The story to which Dickens alludes is Cruikshank's "Cinderella and the Glass Slipper" (1854), the first of three "updated" fairytales in George Cruikshank's Fairy Library, "Edited and Illustrated with ten subjects, designed and etched on steel by George Cruikshank. London: George Routledge and Sons, Broadway, Ludgate Hill; F. Arnold, 86 Fleet Street."
The offending passage that Dickens undoubtedly had in mind when writing "Frauds on the Fairies" occurs on page 25. After the Prince has successfully fitted the glass slipper on the heroine's dainty foot, his father, the King, declares that his subjects shall celebrate the couple's nuptials with "extraordinary doings." The king "amongst other things, ordered that there should be running fountains of wine in the court-yards of the place, and also in the streets." However, no sooner has the King uttered this sentiment than Cinderella's godmother, a dwarf, steps forward to remonstrate with the traditional monarch. She argues that, "although there is much boisterous mirth created by the drink around these wine fountains, yet your Majesty is aware that this same drink leads also to quarrels, brutal fights, and violent deaths."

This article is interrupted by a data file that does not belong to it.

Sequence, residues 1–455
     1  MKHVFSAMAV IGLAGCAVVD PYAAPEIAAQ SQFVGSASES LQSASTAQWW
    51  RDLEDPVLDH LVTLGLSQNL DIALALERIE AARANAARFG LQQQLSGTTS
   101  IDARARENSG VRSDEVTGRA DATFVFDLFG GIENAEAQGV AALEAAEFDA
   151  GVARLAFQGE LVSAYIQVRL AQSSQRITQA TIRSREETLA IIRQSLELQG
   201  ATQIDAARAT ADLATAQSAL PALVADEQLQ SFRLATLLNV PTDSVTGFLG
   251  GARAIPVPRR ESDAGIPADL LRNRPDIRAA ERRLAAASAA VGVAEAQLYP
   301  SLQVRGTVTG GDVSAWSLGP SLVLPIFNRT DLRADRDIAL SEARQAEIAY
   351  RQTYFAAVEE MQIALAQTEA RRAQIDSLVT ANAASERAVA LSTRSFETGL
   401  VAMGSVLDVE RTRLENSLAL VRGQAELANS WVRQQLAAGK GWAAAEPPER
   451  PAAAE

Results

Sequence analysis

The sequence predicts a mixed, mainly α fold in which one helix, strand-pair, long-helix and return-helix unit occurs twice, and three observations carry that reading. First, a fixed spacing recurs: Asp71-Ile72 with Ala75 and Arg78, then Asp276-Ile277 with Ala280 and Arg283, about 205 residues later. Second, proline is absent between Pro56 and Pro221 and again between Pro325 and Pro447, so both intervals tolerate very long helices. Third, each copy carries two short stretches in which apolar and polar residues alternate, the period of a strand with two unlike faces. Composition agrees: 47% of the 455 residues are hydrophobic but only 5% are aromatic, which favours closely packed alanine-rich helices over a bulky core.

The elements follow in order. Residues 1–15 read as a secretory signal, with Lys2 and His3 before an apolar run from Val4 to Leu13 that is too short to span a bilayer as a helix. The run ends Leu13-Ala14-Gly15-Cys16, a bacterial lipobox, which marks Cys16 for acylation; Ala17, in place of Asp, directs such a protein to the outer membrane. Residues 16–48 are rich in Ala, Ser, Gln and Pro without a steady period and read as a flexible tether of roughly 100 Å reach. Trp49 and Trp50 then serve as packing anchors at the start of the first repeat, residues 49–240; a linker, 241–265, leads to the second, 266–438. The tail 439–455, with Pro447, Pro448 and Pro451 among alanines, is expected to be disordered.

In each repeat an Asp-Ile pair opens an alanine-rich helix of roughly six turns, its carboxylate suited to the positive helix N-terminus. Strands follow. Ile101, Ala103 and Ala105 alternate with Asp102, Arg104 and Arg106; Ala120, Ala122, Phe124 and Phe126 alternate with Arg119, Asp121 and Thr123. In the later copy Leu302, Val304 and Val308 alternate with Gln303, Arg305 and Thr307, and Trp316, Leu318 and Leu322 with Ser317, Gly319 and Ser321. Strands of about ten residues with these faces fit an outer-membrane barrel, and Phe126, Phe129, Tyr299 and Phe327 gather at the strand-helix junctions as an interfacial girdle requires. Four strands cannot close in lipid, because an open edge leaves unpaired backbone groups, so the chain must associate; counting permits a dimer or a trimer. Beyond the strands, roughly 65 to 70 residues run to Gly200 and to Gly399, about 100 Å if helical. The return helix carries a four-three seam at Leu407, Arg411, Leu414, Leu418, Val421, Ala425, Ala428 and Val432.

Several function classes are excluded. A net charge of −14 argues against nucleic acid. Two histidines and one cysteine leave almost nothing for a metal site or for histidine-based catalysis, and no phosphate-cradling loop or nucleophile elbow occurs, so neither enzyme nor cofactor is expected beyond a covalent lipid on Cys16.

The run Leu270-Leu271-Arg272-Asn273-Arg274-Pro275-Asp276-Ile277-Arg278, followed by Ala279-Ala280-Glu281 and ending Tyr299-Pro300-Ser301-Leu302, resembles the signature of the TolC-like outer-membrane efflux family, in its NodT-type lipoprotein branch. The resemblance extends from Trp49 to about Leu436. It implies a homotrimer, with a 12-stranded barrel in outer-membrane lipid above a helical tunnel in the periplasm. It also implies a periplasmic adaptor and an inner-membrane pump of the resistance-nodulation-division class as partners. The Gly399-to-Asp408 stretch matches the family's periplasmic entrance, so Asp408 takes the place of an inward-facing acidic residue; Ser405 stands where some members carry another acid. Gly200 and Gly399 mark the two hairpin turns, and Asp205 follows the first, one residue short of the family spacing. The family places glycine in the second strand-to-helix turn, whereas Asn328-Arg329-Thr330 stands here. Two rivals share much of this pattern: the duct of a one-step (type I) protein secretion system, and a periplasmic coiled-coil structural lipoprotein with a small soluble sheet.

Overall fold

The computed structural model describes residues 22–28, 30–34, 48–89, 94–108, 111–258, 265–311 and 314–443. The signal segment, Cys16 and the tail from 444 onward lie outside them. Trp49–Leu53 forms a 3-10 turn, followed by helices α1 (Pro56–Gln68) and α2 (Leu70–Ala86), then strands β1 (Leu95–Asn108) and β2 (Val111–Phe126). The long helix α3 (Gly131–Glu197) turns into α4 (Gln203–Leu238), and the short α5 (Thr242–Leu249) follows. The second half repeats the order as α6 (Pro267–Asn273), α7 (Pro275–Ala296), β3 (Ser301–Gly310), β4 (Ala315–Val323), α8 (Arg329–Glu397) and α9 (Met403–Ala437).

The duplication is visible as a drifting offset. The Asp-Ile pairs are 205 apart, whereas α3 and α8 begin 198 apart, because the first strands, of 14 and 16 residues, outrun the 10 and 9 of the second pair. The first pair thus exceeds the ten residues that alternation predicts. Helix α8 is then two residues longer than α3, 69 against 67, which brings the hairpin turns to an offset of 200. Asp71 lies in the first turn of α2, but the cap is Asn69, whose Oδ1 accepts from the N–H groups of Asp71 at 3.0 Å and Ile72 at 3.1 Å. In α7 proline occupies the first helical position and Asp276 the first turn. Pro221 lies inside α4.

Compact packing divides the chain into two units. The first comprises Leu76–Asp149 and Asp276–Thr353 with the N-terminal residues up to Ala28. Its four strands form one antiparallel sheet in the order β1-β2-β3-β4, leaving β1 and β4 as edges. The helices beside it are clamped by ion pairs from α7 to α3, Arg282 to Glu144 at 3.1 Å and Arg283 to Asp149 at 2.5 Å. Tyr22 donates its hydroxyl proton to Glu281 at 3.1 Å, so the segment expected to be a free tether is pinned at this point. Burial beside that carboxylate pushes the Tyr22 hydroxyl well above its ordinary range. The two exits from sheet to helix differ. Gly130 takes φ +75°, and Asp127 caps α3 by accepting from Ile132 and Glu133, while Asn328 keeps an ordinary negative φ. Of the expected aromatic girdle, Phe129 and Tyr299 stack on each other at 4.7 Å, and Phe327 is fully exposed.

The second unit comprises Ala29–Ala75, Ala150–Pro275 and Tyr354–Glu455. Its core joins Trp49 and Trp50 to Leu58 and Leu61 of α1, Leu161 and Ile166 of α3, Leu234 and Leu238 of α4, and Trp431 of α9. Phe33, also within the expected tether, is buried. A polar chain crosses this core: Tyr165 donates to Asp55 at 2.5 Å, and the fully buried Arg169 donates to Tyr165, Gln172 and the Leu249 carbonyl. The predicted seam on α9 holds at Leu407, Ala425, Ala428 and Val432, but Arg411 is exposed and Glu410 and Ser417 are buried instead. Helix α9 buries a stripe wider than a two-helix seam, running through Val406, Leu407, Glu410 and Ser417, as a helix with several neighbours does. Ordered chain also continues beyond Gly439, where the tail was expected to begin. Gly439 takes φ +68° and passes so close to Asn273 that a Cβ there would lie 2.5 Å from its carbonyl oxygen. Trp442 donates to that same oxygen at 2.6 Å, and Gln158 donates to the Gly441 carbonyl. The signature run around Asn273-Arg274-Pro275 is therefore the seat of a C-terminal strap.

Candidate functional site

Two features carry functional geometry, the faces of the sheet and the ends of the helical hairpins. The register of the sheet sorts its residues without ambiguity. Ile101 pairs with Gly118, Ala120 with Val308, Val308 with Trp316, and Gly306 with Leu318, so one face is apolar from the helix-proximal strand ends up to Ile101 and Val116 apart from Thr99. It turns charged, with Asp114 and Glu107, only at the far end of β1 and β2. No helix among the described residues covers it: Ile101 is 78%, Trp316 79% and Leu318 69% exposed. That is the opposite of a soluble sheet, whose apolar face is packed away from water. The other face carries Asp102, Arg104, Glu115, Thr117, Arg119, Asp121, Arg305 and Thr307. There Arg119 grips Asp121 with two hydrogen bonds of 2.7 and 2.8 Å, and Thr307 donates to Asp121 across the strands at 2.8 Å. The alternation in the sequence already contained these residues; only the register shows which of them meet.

Last modified 24 June 2003